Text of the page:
In separate cases, more than half a dozen people operating in the junket business were detained in Wynn Resorts Wynn Macau casino late last year. In April of this year, the wife of Cheung Chi Tai, one of the owners of leading junket Neptune Group, was detained in Hong Kong along with HK$200 million ($25.8 million), local media reported. Cheung Chi Tai, named as an alleged triad member at the money laundering trial of Carson Yeung, the former owner of English soccer club Birmingham City, could not be reached for comment. Hong Kong police say they don't comment on individual cases.
Industry executives say Beijing doesn't want to stamp out the junket industry in Macau - the only place in China where gambling is legal - and is supportive of those operating within the rules and which are transparent about their business.
"The government wants to support Macau. It needs the junkets for Macau to work," said an operator at a leading junket.
"They're just trying to put a collar on the junkets, not eliminate them," said Steve Vickers, a former commander of the Royal Hong Kong Police Force's criminal intelligence bureau and now CEO of Steve Vickers Associates, a Hong Kong-based risk consultancy. "They want the ability to pull financial levers, so junkets need to be acceptable and under supervision."
Vickers likened the situation to a junket beauty parade, "where some are paraded as winners, and some as losers."
Dore, a former top-10 junket operator, said in June it was quitting the business, stating it "provides limited room for long-term growth development for the group."
The Macau government is encouraging the gambling industry, which brings in over 80 percent of the Special Administrative Region's tax revenues, to diversify. Suncity, a leading junket with interests from property and finance to entertainment and media, was chosen as the official sponsor for the annual Macau Grand Prix, which features Formula Three motor-racing.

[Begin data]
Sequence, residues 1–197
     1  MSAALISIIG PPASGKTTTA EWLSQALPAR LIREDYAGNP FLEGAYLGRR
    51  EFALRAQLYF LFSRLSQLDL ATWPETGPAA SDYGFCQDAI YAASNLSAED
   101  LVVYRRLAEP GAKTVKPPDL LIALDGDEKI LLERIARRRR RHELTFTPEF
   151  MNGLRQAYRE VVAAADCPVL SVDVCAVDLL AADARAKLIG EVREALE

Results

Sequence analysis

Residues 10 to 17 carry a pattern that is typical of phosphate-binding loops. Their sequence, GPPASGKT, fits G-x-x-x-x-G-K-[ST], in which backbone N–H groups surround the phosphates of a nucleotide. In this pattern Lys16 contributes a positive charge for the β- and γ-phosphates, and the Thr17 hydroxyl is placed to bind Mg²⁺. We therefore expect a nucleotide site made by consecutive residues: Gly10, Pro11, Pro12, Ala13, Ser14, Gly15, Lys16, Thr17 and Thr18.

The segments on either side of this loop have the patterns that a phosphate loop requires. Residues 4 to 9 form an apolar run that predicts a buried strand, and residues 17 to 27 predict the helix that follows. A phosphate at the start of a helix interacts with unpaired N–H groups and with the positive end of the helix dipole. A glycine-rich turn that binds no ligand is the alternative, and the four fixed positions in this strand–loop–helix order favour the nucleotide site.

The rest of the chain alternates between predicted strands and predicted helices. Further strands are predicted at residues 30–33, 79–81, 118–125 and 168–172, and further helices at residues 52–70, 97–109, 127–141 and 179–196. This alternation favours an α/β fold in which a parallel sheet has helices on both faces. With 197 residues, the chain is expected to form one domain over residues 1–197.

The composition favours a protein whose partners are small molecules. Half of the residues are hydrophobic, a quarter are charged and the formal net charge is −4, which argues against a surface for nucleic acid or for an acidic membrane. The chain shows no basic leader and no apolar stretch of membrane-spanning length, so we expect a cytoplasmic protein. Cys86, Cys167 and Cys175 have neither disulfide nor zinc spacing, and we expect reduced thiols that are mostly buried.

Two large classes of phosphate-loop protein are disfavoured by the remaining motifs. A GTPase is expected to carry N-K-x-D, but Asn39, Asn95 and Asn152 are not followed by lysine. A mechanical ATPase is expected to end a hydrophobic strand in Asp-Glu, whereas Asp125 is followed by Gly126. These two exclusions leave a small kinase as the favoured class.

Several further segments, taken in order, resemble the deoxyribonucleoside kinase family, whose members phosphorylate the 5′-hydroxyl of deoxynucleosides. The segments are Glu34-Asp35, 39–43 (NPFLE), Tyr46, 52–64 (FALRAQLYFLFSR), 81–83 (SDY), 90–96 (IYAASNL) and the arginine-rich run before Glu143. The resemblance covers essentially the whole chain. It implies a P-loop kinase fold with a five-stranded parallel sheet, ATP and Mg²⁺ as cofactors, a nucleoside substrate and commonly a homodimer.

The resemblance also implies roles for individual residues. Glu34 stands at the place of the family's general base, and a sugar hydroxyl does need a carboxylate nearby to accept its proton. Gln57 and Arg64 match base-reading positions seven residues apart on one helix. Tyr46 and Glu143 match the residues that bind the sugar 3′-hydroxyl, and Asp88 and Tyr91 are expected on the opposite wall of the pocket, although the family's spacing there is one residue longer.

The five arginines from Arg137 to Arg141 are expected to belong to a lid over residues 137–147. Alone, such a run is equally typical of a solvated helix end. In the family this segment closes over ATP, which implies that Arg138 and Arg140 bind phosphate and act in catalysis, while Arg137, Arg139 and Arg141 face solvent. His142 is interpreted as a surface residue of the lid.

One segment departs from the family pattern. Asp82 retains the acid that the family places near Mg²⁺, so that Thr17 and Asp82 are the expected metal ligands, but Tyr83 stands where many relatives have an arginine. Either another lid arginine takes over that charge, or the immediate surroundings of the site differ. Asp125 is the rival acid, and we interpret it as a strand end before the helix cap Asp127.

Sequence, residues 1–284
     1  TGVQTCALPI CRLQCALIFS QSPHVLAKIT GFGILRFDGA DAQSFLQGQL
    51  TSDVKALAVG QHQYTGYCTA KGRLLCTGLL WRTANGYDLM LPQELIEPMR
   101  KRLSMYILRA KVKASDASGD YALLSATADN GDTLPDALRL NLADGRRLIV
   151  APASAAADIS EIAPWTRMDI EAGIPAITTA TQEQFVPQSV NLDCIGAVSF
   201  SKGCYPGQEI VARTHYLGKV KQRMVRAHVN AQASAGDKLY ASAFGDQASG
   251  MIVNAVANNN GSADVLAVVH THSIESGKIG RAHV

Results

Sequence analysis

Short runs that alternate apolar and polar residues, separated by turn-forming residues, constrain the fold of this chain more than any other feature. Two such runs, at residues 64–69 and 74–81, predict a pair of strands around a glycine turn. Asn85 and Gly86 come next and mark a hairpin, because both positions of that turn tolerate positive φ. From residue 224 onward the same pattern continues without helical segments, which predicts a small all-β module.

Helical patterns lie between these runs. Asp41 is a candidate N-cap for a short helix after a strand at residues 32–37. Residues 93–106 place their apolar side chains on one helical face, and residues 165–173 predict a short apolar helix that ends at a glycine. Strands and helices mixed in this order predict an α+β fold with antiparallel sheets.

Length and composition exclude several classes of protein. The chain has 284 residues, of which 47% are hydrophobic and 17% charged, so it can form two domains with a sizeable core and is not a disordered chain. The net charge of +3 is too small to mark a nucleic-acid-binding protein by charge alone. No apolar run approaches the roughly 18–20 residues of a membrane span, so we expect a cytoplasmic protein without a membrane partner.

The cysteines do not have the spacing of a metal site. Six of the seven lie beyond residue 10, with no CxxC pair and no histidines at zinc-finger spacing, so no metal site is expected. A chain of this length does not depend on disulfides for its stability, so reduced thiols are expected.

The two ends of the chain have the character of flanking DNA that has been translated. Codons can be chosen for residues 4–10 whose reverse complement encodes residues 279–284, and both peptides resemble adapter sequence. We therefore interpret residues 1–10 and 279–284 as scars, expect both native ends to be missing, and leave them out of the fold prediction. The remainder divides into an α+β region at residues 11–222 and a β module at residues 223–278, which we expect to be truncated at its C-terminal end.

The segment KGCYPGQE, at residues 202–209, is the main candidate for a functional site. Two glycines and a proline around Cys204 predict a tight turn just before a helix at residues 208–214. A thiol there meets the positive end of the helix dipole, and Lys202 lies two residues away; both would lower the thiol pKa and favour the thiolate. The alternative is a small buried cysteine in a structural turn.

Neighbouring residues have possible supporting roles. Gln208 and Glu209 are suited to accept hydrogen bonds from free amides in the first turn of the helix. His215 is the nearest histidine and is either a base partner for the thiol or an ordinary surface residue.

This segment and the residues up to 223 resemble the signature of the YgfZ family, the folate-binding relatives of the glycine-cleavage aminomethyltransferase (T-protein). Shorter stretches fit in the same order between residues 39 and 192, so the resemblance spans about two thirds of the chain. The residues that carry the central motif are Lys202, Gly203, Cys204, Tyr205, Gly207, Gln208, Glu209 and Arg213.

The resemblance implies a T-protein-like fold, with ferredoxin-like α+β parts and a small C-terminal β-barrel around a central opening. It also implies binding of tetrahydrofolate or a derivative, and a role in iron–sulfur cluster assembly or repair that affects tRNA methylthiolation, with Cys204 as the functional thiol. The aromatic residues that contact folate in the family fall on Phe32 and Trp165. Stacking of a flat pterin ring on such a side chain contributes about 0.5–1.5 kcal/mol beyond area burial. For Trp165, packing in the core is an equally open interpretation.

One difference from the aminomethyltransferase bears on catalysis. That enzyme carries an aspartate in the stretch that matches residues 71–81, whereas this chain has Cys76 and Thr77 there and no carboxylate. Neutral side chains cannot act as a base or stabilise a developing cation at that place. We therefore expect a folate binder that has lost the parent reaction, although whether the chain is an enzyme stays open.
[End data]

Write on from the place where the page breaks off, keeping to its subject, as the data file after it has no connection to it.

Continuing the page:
The company, led by 40-year-old Alvin Chau, a member of a Chinese parliamentary advisory body, is listing part of its business on the Hong Kong stock exchange through a deal with International Entertainment Corp, a company owned by the family of Hong Kong tycoon Cheng Yu-tung.
An executive at Heng Sheng, another leading Macau junket, said Beijing's anti-corruption campaign was lasting longer and going deeper than expected, and was adding to the pressure from tight liquidity and fragile trust in the industry after one junket agent fled with up to $1.3 billion in April.
The flow of VIP-room revenue in August, at HK$40 billion, was half of June's levels, and Heng Sheng may close its VIP tables at Sands China Ltd's Cotai Central and Venetian casinos, according to an internal sales note made at an investor meeting where the executive spoke earlier this month. A Heng Sheng investor last month announced plans to build a $3 billion casino resort complex on the western Pacific island of Saipan.
While analysts predict VIP revenues could drop by up to a fifth over the rest of this year, casino and junket executives hope a visit by Xi to Macau in December will bolster support.
"Beijing knows it needs to support Macau because if the gaming industry doesn't do well there will be a lot of trouble here. At the same time, Beijing is the one that suffers all the social costs," said the locally-born junket operator.
(1 US dollar = 7.7509 Hong Kong dollar)
(Editing by Ian Geoghegan)